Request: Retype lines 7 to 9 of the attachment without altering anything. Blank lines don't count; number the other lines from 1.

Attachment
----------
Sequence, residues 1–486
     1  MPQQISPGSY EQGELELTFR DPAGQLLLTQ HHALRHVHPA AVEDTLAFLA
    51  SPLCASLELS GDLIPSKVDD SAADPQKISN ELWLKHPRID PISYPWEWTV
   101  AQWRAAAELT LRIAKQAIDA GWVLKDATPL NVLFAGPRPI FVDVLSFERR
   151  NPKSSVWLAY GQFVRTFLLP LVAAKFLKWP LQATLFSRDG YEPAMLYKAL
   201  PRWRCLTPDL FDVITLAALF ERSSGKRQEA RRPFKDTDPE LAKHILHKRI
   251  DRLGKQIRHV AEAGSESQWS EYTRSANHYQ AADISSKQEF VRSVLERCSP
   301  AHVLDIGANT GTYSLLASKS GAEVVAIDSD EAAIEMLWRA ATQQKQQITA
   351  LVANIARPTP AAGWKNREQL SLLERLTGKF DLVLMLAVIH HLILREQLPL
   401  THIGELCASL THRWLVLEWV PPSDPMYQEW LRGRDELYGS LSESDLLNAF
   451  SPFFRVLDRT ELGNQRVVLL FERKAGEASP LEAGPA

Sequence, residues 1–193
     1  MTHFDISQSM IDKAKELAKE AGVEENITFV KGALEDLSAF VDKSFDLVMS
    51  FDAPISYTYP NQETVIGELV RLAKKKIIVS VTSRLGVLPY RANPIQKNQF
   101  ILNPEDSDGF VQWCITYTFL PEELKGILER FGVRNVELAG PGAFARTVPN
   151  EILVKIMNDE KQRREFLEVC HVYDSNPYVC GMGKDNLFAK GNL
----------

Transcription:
   251  DRLGKQIRHV AEAGSESQWS EYTRSANHYQ AADISSKQEF VRSVLERCSP
   301  AHVLDIGANT GTYSLLASKS GAEVVAIDSD EAAIEMLWRA ATQQKQQITA
   351  LVANIARPTP AAGWKNREQL SLLERLTGKF DLVLMLAVIH HLILREQLPL